Monthly Notices of the Royal Astronomical Society

Monthly Notices of the Royal Astronomical Society (MNRAS) is one of the world s leading scientific journals in astronomy and astrophysics. It has been in continuous existence since 1827 and publishes peer-reviewed letters and papers reporting original research in relevant fields. Despite the name, the journal is no longer monthly nor does it carry the notices of the Royal Astronomical Society. The first issue of MNRAS was published on 9 February 1827 as Monthly Notices of the Astronomical Society of London and it has been in continuous publication ever since. It took its current name from the second volume, after the Astronomical Society of London became the Royal Astronomical Society (RAS). Until 1960 it carried the monthly notices of the RAS, at which time these were transferred to the newly-established Quarterly Journal of the Royal Astronomical Society (1960–1996) and then to its successor journal Astronomy & Geophysics (since 1997). Until 1965, MNRAS was published in-house by the RAS; since then, it has been published by Blackwell Scientific Publications (later Wiley-Blackwell) on behalf of the RAS. As well, the journal is no longer monthly, with thirty-six issues a year

Publisher
Wiley-Blackwell (publisher) Wiley-Blackwell for the Royal Astronomical Society
Country
United Kingdom
History
1827–present
Impact factor
5.185 (2008)
Some content from Wikipedia, licensed under CC BY-SA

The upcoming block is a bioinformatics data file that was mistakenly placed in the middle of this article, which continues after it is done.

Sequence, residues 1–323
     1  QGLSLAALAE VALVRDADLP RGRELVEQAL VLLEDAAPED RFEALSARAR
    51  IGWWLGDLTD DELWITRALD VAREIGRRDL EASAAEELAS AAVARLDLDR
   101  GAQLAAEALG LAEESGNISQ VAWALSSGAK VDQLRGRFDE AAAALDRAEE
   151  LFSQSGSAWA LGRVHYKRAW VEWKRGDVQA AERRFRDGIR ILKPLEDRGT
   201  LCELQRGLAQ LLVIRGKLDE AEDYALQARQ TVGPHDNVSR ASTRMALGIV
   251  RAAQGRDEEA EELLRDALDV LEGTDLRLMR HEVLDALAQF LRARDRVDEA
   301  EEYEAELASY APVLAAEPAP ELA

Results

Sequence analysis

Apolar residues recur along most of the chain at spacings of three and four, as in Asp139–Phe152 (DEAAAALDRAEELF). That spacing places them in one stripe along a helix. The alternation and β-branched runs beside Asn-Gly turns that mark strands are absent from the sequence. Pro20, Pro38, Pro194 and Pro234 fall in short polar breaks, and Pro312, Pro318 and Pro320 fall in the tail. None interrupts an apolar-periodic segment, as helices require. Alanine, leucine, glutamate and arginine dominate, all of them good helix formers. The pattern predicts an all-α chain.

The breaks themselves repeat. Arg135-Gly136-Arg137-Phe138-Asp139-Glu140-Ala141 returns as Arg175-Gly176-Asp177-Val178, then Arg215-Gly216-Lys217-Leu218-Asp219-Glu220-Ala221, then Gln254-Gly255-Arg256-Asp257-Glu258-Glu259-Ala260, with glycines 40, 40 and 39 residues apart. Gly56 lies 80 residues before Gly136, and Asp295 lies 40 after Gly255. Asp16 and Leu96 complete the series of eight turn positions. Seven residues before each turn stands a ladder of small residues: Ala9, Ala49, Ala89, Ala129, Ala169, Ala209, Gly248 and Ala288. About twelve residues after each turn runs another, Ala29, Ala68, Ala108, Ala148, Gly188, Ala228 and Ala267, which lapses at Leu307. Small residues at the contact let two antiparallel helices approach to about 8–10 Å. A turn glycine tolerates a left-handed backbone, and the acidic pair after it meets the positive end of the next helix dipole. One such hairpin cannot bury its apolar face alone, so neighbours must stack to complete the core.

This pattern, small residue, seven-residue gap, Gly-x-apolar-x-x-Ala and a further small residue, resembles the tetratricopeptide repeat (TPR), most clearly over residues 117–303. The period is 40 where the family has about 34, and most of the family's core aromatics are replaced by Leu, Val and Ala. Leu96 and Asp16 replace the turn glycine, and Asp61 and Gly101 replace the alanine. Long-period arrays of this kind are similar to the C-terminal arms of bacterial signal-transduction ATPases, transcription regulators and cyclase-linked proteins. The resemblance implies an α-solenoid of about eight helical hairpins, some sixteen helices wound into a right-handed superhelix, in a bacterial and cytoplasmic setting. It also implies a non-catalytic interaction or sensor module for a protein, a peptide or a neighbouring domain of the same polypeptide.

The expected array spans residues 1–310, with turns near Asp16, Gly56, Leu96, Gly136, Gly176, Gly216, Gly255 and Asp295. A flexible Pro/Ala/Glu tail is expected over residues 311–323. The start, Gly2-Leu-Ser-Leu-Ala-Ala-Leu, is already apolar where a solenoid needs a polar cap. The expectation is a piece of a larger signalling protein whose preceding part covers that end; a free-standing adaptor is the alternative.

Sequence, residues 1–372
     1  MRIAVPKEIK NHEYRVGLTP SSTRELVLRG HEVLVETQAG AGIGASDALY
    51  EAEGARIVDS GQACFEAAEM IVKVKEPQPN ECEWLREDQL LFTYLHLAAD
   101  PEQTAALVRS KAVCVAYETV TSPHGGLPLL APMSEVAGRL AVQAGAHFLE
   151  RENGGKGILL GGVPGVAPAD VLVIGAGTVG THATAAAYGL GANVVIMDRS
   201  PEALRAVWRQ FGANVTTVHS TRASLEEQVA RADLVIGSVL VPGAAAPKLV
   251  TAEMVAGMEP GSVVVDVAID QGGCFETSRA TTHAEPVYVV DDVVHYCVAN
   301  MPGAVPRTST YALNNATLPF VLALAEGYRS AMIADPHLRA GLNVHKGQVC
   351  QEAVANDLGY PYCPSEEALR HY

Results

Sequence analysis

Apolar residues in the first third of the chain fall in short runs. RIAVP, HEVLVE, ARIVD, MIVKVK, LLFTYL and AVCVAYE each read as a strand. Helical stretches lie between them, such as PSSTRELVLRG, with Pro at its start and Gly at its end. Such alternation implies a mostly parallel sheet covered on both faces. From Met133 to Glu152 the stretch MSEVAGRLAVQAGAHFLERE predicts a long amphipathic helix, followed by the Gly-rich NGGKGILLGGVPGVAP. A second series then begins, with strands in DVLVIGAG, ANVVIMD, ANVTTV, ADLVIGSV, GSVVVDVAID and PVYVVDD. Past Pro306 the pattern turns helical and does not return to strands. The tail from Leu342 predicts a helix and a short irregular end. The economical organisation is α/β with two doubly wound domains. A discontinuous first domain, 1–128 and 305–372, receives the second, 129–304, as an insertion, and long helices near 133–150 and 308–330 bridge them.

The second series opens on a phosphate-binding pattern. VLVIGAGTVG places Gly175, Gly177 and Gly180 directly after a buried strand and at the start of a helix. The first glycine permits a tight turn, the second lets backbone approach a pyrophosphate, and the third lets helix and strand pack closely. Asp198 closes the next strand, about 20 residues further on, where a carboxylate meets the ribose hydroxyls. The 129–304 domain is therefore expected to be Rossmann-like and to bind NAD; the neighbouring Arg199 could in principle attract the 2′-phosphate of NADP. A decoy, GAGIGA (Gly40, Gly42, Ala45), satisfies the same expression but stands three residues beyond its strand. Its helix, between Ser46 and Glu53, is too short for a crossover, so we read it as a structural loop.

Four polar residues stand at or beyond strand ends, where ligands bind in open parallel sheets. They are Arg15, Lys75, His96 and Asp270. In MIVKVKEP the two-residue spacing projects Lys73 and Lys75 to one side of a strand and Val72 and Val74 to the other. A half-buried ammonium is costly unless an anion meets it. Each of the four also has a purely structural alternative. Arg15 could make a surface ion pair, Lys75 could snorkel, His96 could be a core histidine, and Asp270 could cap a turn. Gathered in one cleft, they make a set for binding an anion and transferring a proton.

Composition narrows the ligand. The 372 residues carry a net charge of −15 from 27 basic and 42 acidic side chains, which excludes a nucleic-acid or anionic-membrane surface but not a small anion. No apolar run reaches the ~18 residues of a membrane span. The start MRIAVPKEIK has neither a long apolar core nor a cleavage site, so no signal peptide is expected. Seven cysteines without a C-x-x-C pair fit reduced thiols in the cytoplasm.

White dwarf may have shredded passing planet

The destruction of a planet may sound like the stuff of science fiction, but a team of astronomers has found evidence that this may have happened in an ancient cluster of stars at the edge of the Milky Way ...

dateApr 17, 2015 in Astronomy
shares728 comments 0

Protosuns teeming with prebiotic molecules

Complex organic molecules such as formamide, from which sugars, amino acids and even nucleic acids essential for life can be made, already appear in the regions where stars similar to our Sun are born. Astrophysicists ...

dateApr 16, 2015 in Astronomy
shares608 comments 1

Snapshot of cosmic burst of radio waves

A strange phenomenon has been observed by astronomers right as it was happening - a 'fast radio burst'. The eruption is described as an extremely short, sharp flash of radio waves from an unknown source in ...

dateJan 19, 2015 in Astronomy
shares3054 comments 15

Galactic 'hailstorm' in the early universe

Two teams of astronomers led by researchers at the University of Cambridge have looked back nearly 13 billion years, when the Universe was less than 10 percent its present age, to determine how quasars - ...

dateJan 16, 2015 in Astronomy
shares916 comments 16